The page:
Background. Endosaccular coiling, vessel occlusion, stenting, stent-assisted coiling, and flow diversion are all endovascular treatment options for pseudoaneurysms (PAs) of the head and neck. We explore different clinical situations in which these were selected for PA management at a single institution. Methods. Over a period of ten years, 33 patients presented to our hospital with PAs of the head and neck. Their outcomes and procedural complications are discussed. Results. We observed a complication rate of 18.2% (6 of 33), consisting predominantly of infarcts following vessel occlusion. As measured by the modified Rankin Scale, 25 (75.8%) patients had achieved favorable outcomes on discharge. A single patient who was treated with stent-assisted coiling expired following procedural complications. Conclusions. In our series, most patients with traumatic/iatrogenic PAs were successfully treated with parent vessel sacrifice. When parent vessel occlusion is not an option, stenting with or without coiling, or flow diversion, may also be safe and effective alternatives.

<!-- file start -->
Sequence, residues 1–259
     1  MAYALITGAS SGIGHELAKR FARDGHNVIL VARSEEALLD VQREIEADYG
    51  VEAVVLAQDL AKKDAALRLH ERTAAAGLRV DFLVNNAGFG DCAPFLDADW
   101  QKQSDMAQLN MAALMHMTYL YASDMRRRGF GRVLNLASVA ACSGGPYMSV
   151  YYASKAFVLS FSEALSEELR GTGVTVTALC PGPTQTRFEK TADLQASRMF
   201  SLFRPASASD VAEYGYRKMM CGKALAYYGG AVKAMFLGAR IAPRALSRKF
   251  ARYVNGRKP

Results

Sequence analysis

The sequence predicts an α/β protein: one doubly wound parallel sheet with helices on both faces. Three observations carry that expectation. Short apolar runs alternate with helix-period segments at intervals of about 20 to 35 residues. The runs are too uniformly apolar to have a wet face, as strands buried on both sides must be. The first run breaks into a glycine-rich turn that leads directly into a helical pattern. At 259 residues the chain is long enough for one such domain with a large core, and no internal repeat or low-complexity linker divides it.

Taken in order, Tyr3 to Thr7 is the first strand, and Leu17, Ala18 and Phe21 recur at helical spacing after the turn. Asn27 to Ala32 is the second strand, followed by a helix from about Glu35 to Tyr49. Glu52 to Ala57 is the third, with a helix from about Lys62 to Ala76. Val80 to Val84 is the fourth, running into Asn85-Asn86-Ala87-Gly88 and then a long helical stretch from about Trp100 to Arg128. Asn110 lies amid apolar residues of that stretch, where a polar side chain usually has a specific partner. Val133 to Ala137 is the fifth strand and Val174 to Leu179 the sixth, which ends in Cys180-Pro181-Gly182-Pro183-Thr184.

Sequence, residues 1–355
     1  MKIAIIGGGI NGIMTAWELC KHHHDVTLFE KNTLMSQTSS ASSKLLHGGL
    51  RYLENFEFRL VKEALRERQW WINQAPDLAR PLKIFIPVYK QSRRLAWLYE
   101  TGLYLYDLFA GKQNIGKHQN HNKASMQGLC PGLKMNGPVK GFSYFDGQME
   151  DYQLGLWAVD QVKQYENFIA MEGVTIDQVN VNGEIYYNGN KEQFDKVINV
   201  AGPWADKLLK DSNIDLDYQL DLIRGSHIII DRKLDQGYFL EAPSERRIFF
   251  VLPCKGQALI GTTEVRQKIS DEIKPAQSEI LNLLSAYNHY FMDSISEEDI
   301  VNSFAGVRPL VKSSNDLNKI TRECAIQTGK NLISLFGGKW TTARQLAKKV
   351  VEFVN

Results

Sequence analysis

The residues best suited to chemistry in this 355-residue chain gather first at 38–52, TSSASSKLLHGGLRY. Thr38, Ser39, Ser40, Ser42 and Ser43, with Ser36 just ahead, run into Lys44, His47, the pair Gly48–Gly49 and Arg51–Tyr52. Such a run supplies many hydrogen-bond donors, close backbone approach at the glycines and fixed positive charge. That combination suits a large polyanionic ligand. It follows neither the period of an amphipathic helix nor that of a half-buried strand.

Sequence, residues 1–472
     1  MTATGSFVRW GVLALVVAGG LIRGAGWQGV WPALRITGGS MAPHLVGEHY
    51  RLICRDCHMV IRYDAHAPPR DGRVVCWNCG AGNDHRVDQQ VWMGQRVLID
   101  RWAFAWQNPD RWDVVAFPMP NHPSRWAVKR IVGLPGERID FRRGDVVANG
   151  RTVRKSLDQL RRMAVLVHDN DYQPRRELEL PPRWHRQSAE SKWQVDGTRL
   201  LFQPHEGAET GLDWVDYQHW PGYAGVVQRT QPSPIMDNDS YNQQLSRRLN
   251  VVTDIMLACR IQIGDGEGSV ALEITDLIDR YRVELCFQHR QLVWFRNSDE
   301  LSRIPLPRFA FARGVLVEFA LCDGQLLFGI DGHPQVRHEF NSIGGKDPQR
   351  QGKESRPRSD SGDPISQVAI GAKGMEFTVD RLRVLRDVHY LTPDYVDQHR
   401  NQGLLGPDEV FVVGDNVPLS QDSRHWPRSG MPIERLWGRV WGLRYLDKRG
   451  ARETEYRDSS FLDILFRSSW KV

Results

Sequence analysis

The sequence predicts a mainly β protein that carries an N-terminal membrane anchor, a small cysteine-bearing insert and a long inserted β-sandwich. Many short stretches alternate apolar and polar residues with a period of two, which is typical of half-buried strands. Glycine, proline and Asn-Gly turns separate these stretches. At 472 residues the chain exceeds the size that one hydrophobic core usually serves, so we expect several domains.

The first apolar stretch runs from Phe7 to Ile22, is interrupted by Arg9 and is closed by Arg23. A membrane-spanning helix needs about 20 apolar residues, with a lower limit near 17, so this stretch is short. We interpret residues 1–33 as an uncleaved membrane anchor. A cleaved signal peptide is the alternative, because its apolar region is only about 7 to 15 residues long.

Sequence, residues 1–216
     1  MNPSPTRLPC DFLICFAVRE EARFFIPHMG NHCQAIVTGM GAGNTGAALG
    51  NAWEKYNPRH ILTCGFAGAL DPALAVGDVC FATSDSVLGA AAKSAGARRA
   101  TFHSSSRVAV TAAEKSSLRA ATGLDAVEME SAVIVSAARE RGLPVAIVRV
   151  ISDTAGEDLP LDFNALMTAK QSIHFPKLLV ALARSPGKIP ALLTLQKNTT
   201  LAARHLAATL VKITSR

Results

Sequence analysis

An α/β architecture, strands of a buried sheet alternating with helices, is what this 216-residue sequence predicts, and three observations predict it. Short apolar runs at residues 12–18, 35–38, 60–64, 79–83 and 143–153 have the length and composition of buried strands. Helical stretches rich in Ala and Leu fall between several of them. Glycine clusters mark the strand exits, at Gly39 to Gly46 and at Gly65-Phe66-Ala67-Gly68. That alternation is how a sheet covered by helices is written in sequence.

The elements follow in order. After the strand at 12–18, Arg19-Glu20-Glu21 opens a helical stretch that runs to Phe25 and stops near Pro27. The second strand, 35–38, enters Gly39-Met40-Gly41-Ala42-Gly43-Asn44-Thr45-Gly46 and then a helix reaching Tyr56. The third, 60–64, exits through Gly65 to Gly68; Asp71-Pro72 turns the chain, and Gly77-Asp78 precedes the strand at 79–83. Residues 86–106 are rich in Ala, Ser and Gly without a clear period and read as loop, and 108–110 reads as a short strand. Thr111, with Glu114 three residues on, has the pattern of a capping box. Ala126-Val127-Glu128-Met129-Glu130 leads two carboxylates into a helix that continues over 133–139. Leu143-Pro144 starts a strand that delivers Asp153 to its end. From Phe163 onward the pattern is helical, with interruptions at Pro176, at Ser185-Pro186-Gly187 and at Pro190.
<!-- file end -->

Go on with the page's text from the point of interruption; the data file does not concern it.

Recommended CitationAnderson, Eliza; Chalouhi, MD, Nohra; Dumont, Aaron; Tjoumakaris, Stavropoula; Zanaty, Mario; Rosenwasswer MD, Robert H.; Starke, Robert M; and Jabbour, Pascal MD, "Management of head and neck pseudoaneurysms: a review of 33 consecutive cases." (2014). Department of Neurosurgery Faculty Papers. Paper 68.